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By 1993, when Russia signed the Chemical Weapons Convention, Sedwill said it was "likely" that some Novichoks had passed testing to allow their use by the Russian military.

He said that it included investigating ways of delivering nerve agents by applying them to door handles.

On Wednesday, during the UN Security Council meeting, Russia's UN envoy Vasily Nebenzya noted that Skripal, who had been convicted of spying, served his sentence and was pardoned.

"We have information indicating Russian intelligence service interest in the Skripals, dating back at least as far as 2013, when email accounts belonging to Yulia Skripal were targeted by GRU (military intelligence) cyber specialists".

National Security Adviser Mark Sedwill accused the country of spying on Sergei Skripal and daughter Yulia for a minimum of five years, and offered some specifics in a letter sent to NATO Secretary-General Jens Stoltenberg on Friday, reports Reuters.

Moscow has suggested Britain carried out the attack to stoke anti-Russian hysteria, but Britain asked the Organisation for the Prohibition of Chemical Weapons (OPCW) to check samples from Salisbury.

"The key institute responsible for this work was a branch of the State Institute for Organic Chemistry and Technology at Shikhany near Volgograd".

Turning to how exactly nerve agents are used by Russia, Sedwill said: "During the 2000s, Russia commenced a programme to test means of delivering chemical warfare agents and to train personnel from special units in the use of these weapons".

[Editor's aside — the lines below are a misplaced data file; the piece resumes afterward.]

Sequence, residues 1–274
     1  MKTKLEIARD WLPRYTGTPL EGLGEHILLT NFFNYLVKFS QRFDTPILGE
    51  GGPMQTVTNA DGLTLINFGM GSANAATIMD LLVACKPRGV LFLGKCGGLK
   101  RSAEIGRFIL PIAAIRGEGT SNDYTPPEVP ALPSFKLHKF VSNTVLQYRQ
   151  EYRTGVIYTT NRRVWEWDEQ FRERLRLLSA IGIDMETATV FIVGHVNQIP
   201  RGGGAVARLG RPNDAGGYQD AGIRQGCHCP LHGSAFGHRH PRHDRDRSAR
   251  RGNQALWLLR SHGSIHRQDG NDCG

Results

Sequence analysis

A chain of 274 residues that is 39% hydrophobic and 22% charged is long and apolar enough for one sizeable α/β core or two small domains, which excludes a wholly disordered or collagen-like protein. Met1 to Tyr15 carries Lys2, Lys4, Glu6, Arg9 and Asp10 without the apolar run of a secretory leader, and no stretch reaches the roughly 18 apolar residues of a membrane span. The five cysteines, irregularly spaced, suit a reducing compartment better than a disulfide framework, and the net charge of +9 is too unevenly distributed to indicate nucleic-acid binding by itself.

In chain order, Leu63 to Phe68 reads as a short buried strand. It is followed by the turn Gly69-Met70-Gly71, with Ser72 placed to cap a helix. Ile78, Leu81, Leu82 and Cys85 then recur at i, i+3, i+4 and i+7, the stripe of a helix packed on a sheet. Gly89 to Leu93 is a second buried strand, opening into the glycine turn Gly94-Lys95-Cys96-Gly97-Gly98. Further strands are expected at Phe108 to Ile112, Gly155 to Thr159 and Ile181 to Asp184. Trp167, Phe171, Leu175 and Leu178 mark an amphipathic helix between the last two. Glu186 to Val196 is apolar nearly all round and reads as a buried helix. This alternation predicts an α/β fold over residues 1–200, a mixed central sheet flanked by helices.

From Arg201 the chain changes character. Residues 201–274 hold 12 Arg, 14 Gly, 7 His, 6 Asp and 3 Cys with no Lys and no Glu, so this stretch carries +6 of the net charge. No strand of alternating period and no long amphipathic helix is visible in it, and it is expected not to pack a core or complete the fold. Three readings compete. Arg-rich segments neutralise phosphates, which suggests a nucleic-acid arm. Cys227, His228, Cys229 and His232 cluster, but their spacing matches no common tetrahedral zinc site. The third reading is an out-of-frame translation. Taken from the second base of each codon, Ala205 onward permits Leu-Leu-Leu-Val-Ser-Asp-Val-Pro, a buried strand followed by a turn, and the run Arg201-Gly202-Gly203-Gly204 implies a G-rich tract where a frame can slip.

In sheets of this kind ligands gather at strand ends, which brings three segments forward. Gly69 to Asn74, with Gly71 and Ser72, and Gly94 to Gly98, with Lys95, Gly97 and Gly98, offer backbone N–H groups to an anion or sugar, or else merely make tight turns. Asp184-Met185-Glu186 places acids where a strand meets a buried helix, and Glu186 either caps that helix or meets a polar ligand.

"It is highly likely that Novichoks were developed to prevent detection by the West and to circumvent global weapons controls". "Within the last decade, Russian Federation has produced and stockpiled small quantities of novichok under the same program".




Double Russian agent Sergei Skripal has been found unconscious after being exposed to an unknown substance.

The note demanded the withdrawal of one Georgian diplomat now serving in Moscow at the Swiss Embassy Interests Section, as Georgia and Russia have no diplomatic ties since the Russia-Georgia 2008 war and Switzerland has acted as a mediator.

He said Russia regarded at least some of its defectors as "legitimate targets for assassination", with the suggestion Sergei Skripal - a former member of Russian military intelligence sent to prison in 2004 after working with the United Kingdom - was on the list.

"We didn't produce Novichok, we didn't store this Novichok, so-called under the Western classification, was never in our military forces".

"We get the impression that the British government is deliberately pursuing the policy of destroying all possible evidence, classifying all remaining materials and making an independent and transparent investigation impossible", Alexander Yakovenko told reporters in London.

It was "highly likely that the Russian intelligence services view at least some of its defectors as legitimate targets for assassination", Mr Sedwill said in the letter.

He also complained at the continued refusal of the British authorities to grant consular access to Ms Skripal following her discharge from hospital.

Putin's man in London also mentioned Syria, reiterating claims the latest chemical attack on civilians in Douma was staged by rebel groups to draw the West into the war.


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